• ‘A coordinated and targeted media campaign was central to this effort.’
    • ‘Those principles are now central to determining what is due process.’
    main, chief, principal, primary, leading, foremost, first, most important, predominant, dominant, prominent, most prominent, key, crucial, vital, essential, basic, fundamental, core, staple, critical, pivotal, salient, prime, focal, premier, paramount, major, ruling, master, supreme, overriding, cardinal, capital, pre-eminent, ultimate, uppermost, highest, utmost, top, topmost, arch-
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    1. 2.1attributive Having or denoting supreme power over a country or organization.
      ‘central government’
      • ‘A formal announcement would be made today after Hu was elected in Jiang's place by the 198 members of the central committee, the Post said.’
      • ‘The needs of the two central organizations drew increasing energy and some resentment from the churches.’
      • ‘It fears that the current proposals for the establishment of a central services organisation hand too much power to its commercial rivals.’
      • ‘The unstated message at the central committee was that Jiang has lost power but he will not be harmed politically.’
      • ‘The strike has the backing of the National Labor Front, Nicaragua's central labor organization.’
      • ‘The Bells have the advantage because they own the controlling central offices.’
      • ‘Transfers, to be strictly controlled by an agent-free central European transfer office, will return.’
      • ‘The fee could then be administered by a central student organization.’
      • ‘The central office greatly increased the districts' control and flexibility over resources.’
      • ‘Units from the People's Liberation Army and the central office of the armed police have organized a rescue effort.’
      • ‘When I taught in Wake County Public Schools there was hardly anything that came from central office that was of a help to us.’
      • ‘The landscape has been acknowledged by central government organisations and committees as being of national significance.’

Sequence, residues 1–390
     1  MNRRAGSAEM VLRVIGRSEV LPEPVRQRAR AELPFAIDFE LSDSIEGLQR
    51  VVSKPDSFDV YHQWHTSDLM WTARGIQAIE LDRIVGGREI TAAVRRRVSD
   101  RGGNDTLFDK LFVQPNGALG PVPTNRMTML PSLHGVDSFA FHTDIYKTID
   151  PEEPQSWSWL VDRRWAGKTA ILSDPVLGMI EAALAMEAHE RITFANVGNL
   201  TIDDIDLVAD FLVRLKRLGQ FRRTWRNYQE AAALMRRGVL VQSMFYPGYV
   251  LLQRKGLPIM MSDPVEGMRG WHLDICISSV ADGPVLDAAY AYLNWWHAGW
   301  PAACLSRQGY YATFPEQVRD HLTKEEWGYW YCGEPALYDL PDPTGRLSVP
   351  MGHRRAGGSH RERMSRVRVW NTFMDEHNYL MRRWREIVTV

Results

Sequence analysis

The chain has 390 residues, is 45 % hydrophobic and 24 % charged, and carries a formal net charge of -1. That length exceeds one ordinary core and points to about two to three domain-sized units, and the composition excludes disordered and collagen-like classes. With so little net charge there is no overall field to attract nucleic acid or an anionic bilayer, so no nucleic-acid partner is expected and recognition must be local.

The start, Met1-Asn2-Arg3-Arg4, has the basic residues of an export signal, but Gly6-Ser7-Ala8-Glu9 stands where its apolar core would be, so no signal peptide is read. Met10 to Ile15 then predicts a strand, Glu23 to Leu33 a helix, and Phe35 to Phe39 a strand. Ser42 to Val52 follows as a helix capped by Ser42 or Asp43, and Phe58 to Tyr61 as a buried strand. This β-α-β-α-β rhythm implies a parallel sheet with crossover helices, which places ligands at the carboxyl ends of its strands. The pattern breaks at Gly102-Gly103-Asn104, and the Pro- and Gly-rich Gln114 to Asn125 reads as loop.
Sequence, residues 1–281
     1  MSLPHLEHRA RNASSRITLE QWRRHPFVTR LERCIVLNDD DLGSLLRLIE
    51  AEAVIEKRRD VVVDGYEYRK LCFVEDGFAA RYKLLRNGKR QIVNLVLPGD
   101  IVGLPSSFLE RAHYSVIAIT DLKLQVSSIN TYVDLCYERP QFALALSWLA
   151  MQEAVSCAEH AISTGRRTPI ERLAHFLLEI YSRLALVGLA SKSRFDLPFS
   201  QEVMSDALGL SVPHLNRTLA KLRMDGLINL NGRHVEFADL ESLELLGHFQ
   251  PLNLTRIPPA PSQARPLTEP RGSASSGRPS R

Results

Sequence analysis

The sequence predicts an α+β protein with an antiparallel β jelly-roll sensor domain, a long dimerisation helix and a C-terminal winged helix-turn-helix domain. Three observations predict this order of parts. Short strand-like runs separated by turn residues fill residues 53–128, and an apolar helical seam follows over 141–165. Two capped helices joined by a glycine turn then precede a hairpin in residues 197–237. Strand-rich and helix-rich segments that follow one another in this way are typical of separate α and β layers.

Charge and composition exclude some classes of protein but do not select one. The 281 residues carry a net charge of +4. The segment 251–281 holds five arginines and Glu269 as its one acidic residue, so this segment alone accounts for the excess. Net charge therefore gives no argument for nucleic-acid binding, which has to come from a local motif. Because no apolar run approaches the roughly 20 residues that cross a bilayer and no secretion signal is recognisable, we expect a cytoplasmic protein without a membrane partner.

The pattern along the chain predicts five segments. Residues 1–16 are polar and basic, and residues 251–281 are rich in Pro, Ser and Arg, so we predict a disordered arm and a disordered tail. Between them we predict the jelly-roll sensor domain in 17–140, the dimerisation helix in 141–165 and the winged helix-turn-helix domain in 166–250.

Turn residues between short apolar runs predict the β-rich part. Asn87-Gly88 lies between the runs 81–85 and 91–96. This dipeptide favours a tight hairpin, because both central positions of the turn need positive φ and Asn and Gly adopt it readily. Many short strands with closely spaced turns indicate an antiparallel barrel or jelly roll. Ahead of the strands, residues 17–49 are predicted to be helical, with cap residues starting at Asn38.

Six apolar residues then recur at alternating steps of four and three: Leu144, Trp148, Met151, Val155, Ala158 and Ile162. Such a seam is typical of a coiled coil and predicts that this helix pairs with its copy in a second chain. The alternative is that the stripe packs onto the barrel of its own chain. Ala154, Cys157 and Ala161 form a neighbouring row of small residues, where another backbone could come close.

• ‘The central committee will then provide direction.’
      • ‘I would like to see the SRC proposal extended so a central committee could look at all such requests on a case-by-case basis.’
      • ‘Unlike many parts of Scotland, Stirling is not categorised as an area requiring assistance from central government.’
      • ‘This current is powered by batteries in the telephone company's central office.’
      • ‘His letters and articles prodded the Bolshevik central committee to seize power in November.’
      • ‘The party is also divided top-down from the central committee to the local party offices.’
      • ‘At this stage he took some interest in party organization and established central office in 1870.’
      • ‘That is, when you have a central organization, you tell people what to do and it's supposed to be all explicit.’

noun

North American
informal
  • A place with a high concentration of a specified type of person or thing.

    ‘you're in workaholic central here’
    • ‘I got up to my room and set up my bed as dance preparation central.’
    • ‘One construction worker broke his leg, my uncle was injured by one of his tools - it was poltergeist central.’
    • ‘However, if your house is party central, Fuzion Frenzy has some potential.’
    • ‘She turns up in a town called Dogville, which is not the comedy central of the USA.’
    • ‘Our first stop was in Shibuya, the bustling heart of Tokyo - consumerism central.’

Origin

Mid 17th century: from French, or from Latin centralis, from centrum (see centre).

Pronunciation

central

/ˈsɛntr(ə)l/